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August 20, 2013

Elmore Leonard’s 10 Rules for Writing.

Elmore Leonard passed away at 7:15AM this morning. Rest in peace to one of the defining authors of our generation.”

Elmore Leonard, Elmore Leonard. He could write his way through thick fog, and make it fun and sharp and hard and direct, direct, direct: all the while making himself invisible, and the story clear.

“My most important rule is one that sums up the 10.

If it sounds like writing, I rewrite it.”

From the NY Times, his 10 Rules for Writing—this is brilliant, all about letting the author out the backdoor while the reader walks in the front door (of the story):

“These are rules I’ve picked up along the way to help me remain invisible when I’m writing a book, to help me show rather than tell what’s taking place in the story. If you have a facility for language and imagery and the sound of your voice pleases you, invisibility is not what you are after, and you can skip the rules. Still, you might look them over.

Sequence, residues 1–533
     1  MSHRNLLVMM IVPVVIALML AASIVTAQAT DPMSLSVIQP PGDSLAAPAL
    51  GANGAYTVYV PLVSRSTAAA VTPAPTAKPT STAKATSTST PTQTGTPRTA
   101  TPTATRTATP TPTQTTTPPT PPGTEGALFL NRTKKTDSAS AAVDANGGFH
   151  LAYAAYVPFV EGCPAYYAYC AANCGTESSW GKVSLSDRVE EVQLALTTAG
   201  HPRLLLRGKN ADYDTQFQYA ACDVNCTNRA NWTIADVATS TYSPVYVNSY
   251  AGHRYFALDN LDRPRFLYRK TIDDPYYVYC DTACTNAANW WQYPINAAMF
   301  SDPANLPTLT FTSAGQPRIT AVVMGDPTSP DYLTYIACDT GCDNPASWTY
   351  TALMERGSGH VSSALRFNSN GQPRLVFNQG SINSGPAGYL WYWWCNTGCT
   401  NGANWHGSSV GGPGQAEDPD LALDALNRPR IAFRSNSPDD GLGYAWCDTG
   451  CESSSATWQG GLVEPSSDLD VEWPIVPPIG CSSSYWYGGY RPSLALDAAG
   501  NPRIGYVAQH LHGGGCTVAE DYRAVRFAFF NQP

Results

1. Never open a book with weather.

If it’s only to create atmosphere, and not a character’s reaction to the weather, you don’t want to go on too long. The reader is apt to leaf ahead looking for people. There are exceptions. If you happen to be Barry Lopez, who has more ways to describe ice and snow than an Eskimo, you can do all the weather reporting you want.

2. Avoid prologues.

They can be annoying, especially a prologue following an introduction that comes after a foreword. But these are ordinarily found in nonfiction. A prologue in a novel is backstory, and you can drop it in anywhere you want…”

Read the rest, here.

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